Spirits as Fundamental Truths

14 Jan

For clarity on this topic, see the following:

Saurian Dualism

Saurian dualism describes two fundamental objects. These objects are both spirits, albeit of vastly different scale. The definition of a spirit, as given before, is as follows:

A spirit is a choice function that exists where a choice is called for and it is impossible, even in principle, for the choice to be made by a deterministic algorithm. The magnitude of the spirit is equal to the product of the degrees of freedom of the total entangled choice to be made.

The large-scale spirit, G(x) is a choice function that decides the state of the entire universe down to the minutest detail. The small-scale spirits, P(x), act on much smaller scale sets established by G(x). Both types of spirits are made necessary by the existence of sets of propositions that would remain unresolved if not for the spirits acting to resolve them. All such propositions are inaccessible to any deterministic algorithm.

The state of the universe, which is an uncountably infinite set of propositions, cannot be resolved by a deterministic algorithm because of the scale of the set of propositions and the dynamism of their interactions. It appears that both the scale of these propositions and the dynamism of their interactions must be the largest possible cardinal number.  It is important to realize that nothing “generates” G(x). The necessary qualities of the requisite choice function diverge to G(x). The law of the excluded middle dictates that there are no undecided propositions. Therefore, the universe must be completely decided. However, it seems inescapable that the universe, as a whole, must have three characteristics. The first characteristic is that it can have a number of possible configurations that are equal to the largest possible cardinal number. The second characteristic is that the complexity of these configurations can be equal to the largest possible cardinal number. The third characteristic is that the configuration of the universe can have no internal contradictions. It is impossible for a person to even begin to comprehend what this entails. Nevertheless, this is the problem that arises. G(x) is the mapping of all these possible states to just one. It is tempting to think that the universe could simply have the requisite single configuration and be done with it. The problem is that remaining in one configuration is an ongoing proposition that also has an uncountably large number of possible solutions.  Nothing, absolutely nothing, just is. G(x) is not a conscious agent because that quality is essential for its task. It is a conscious agent because that quality is possible, and G(x) must have every possible quality.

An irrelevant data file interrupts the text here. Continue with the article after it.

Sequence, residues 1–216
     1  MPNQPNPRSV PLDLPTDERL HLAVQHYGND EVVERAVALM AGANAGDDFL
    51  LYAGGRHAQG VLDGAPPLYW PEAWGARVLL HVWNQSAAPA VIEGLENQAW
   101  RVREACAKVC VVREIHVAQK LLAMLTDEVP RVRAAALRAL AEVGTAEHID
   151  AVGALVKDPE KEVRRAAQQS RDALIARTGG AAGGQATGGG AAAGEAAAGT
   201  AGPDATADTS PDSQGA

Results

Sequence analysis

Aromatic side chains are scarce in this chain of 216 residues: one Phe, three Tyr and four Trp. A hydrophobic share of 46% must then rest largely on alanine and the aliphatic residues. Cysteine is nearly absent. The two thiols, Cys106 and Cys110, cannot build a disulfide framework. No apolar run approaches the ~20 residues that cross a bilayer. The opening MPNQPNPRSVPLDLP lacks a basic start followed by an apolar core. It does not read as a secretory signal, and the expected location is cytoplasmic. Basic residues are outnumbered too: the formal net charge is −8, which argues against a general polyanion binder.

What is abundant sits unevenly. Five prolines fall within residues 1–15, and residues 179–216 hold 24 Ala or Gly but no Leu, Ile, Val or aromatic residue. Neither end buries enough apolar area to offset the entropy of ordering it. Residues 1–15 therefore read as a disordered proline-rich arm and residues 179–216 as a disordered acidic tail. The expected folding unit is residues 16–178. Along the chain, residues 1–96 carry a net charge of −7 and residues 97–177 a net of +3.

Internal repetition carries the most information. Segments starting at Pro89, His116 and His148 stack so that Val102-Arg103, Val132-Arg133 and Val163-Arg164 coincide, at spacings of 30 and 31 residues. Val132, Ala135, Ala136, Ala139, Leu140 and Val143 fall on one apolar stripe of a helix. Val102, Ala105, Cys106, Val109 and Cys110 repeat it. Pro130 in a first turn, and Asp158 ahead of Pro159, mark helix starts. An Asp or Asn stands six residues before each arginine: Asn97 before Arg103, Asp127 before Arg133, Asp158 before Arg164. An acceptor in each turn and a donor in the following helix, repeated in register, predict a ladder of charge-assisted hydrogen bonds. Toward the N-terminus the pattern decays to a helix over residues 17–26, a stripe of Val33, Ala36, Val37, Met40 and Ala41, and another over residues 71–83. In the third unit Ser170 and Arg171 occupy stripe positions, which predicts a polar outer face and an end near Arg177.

The propositions that the P(x) spirits act on are inaccessible to deterministic algorithms because that is the way G(x) has established them. As I observed before, this was a surrealistically clever trick of design that challenges the limits of credulity. Yet, Bell’s theorem shows that they exist.

The sets of propositions that the P(x) act on are established as a series in which it is impossible for one proposition to be resolved until the previous proposition has been resolved. The procession from the resolution of one proposition to the next is what the P(x) perceive as the passage of time.